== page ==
# Thread: Equation for Tangnet line, Logs

1. ## Equation for Tangnet line, Logs

Hi, I am having trouble with this problem. Directions are: Find an equation for the tangent line to y=f(x) at the specified point.

f(x)= e^2x / x^2 ; Where x= 1

I used the quotient rule and obtained: ((x^2)(2e^2x) - (e^2x)(2x)) / x^4
I hope I am correct up to here, I don't know what to do from here to get the equation for the tangent line, the book has the answer as: y=e^2 If someone could illustrate how this is obtained, Thank You.

2. Hello,

A tangent line to a function has a direction coefficient equal to the derivate number at this point.

At point of abscissa 1, the equation of the tangent line will be :

$y=f'(1)(x-1)+f(1)$

Your derivative is correct (you can factorise by $2xe^{2x}$ if you want to make it more beautiful ), so find its value at the point of abscissa 1.

3. Could you please show how I get the final answer? I think I have to use the point-slope formula, but aren't certain. Thanks again.

4. You just have to use the formula i gave you...

Then, just calculate f '(1) and f(1) to have the complete formula ! Is it really useful to give you all the answer ? You're close to it !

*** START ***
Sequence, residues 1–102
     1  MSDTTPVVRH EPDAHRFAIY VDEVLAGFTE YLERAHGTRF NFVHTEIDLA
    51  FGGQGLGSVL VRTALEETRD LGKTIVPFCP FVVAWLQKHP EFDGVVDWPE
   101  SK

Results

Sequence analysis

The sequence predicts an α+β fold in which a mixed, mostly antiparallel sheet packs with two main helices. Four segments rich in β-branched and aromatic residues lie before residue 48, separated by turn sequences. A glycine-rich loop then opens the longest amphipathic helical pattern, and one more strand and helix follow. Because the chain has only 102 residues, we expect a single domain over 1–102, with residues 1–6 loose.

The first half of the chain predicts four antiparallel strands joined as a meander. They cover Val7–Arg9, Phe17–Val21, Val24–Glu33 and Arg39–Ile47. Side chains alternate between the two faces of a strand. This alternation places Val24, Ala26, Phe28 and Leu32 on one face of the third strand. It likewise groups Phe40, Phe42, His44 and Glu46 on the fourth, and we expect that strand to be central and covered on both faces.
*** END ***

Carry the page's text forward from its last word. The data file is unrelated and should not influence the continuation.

6. Ok...

So you got the formula of the derivative :

$f'(x)=\frac{(x^2)(2e^{2x}) - (e^{2x})(2x)}{x^4} = \dots = \frac{2x^2 e^{2x}-2xe^{2x}}{x^4}$

Hence $f'(1)=\frac{2e^2 - 2e^2}{1}=0$

-> the equation of the tangent line at point of abscissa 1 is :

$y=f'(1)(x-1)+f(1)=0*(x-1)+f(1)=f(1)$

$f(x)=\frac{e^{2x}}{x^2}$

Hence $f(1)=\frac{e^{2*1}}{1^2}=e^2$

-> $y=e^2$ at the point we're studying.

7. Couldn't I have just plugged in a 1 for the x variables in the original equation? What does the formula for the tangent line tell us? The derivative goes to zero, so I assume this means the points are (1,0), so did you plug these into the formula? Then what happens after that? I am probably making this harder than it really is, I just can't "see" how it all comes together.

8. Hmm, i'll try to explain.

If you replace x with 1 in the expression of f(x) then derivate, you will got 0, because f(1) is a number.

You have to derivate first f(x), then replace x by 1 in f '(1).

The point (1,0) is not on the initial curve (representing f). Graphically, f '(1)=0 only means that the slope of the tangent line is 0, nothing about the point (1,0)

I hope it's a little bit clear :S

The only formula to use to find the equation of the tangent line at the point of abscissa a is y=f '(a)(x-a)+f(a)